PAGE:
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Schooled in tradition

By NAN BIALEK

October 2013

Twin sisters Divya and Soumya Kodali completed two rites of passage this year: Graduation from Hartland Arrowhead High School and, in a dazzling ceremony, taking the stage at the New Berlin West Performing Arts Center to perform the Bharatnatyam, a dance with roots in India that date back more than 2,000 years.

Spanning several hours, the dance was the culmination of 11 years of intensive study with Guru Kripa Baskaran, founder and director of the Natyarpana Dance Co. The recital, known as an Arangetram (ascending to the stage) signifies the first qualified dance of an aspiring artist.

"This is the culmination of the teacher-student relationship," says Lakshmi Bharadwaj, director of interfaith relations and community outreach at the Hindu Temple in Pewaukee. "After years of training, the guru decides to present her student before an elite audience."

About 600 guests — some of whom had traveled from India to attend the event — applauded Soumya and Divya as they danced to the live music of a five-piece orchestra from India.

There are two aspects to the performance. The concert demonstrates the dancers’ physical stamina and their ability to tell a story through movement. The 10 pieces in the program, some performed as solos and some together, each convey a story about various Hindu gods and goddesses.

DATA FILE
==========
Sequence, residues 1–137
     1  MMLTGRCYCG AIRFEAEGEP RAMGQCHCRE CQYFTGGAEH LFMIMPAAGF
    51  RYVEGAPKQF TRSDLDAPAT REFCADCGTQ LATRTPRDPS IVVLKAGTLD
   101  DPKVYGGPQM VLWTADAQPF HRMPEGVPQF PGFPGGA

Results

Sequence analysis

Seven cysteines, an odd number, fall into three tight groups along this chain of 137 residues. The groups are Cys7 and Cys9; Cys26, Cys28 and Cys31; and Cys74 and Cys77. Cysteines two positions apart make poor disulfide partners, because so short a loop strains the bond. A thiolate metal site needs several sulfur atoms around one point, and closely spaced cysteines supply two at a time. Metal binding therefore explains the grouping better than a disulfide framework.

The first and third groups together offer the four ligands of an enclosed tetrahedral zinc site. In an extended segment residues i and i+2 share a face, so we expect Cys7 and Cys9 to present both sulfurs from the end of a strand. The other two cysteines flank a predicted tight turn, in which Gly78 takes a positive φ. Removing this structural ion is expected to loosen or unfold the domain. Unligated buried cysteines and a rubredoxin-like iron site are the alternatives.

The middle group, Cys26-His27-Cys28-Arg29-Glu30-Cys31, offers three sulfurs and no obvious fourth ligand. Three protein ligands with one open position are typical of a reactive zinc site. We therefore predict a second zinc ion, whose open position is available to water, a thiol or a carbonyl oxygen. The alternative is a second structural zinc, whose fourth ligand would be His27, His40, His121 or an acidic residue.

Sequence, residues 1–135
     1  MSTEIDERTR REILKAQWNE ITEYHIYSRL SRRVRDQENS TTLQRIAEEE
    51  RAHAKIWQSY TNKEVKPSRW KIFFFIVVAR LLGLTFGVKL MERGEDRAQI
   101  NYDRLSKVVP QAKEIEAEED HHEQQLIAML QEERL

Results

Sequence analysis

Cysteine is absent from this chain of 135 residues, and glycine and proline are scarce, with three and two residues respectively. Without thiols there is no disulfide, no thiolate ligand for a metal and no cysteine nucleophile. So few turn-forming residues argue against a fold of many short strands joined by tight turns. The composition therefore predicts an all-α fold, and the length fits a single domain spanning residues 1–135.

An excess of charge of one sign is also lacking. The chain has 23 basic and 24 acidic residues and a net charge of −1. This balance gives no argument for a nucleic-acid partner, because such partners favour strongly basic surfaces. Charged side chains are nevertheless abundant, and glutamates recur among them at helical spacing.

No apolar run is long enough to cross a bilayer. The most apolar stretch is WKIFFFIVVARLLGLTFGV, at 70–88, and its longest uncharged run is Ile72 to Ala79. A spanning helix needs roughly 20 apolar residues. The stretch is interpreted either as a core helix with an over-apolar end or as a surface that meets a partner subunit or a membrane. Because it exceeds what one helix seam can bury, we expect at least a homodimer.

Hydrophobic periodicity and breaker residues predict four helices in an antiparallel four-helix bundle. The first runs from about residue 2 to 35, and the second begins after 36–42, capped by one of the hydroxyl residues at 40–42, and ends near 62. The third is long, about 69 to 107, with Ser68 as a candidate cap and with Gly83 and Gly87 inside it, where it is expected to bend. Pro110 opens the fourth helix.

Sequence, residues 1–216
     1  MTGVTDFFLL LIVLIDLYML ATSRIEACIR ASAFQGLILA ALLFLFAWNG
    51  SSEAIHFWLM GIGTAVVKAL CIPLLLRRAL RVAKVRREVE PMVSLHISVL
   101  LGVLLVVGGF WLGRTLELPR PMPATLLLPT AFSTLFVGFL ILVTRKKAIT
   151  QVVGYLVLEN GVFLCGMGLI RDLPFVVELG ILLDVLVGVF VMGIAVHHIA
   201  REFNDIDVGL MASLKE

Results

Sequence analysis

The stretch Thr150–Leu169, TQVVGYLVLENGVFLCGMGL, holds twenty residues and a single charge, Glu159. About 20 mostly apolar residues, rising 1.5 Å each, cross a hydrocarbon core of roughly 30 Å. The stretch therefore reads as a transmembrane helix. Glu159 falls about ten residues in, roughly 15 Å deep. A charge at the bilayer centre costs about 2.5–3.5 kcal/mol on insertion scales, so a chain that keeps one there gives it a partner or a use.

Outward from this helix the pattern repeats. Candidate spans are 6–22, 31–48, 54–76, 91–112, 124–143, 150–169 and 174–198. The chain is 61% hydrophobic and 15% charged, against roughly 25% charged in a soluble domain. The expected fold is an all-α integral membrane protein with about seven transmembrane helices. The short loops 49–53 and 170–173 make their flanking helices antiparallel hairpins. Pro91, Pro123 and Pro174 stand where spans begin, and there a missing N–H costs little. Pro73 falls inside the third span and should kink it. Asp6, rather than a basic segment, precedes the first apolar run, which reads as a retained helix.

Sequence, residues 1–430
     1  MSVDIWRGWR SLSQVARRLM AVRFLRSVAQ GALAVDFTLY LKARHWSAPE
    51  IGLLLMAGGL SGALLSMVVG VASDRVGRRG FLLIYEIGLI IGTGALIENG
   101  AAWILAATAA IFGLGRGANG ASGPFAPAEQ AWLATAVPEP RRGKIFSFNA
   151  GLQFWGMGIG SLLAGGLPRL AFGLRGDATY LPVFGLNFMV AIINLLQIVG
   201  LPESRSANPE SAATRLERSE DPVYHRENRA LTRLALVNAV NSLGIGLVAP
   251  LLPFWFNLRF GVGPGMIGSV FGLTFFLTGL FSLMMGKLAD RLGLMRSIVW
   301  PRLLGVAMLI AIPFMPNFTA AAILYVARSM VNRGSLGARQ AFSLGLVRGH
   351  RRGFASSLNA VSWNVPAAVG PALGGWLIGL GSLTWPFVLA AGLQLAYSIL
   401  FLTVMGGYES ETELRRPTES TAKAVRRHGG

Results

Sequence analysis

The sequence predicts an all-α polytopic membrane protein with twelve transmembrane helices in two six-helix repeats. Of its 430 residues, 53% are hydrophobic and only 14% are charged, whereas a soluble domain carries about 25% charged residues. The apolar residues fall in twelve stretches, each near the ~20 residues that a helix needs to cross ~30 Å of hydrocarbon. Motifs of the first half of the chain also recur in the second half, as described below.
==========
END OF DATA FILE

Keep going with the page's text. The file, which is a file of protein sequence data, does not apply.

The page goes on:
Baskarn says the Bharatnatyam "is an epitome of Indian cultural expression. The richness of Indian architecture, sculpture, paintings, poetry, aesthetics and religious mythology constantly inspires the dance artist to create an exceptionally beautiful artwork in order to bring out the true cultural flavor of India."

Divya and Souma’s brilliantly colored costumes were custom-made in India, with the help of an aunt who lives there. Their makeup was done by artists who specialize in traditional dance makeup.

Baskaran says 32 students have graduated from her Natyarpana school at the Hindu Temple of Wisconsin in the past 10 years, and several have been awarded scholarships from universities in recognition of their work. She also teaches a course in Bharatnatyam at UW-Milwaukee.

Divya is now a pre-med student at St. Louis University and Soumya is on the pre-med track at Case Western Reserve University in Cleveland. Soumya says she plans to continue to dance and may follow in the footsteps of other Natyarpana school graduates and become a teacher of this classical Indian art form.

This story ran in the October 2013 issue of: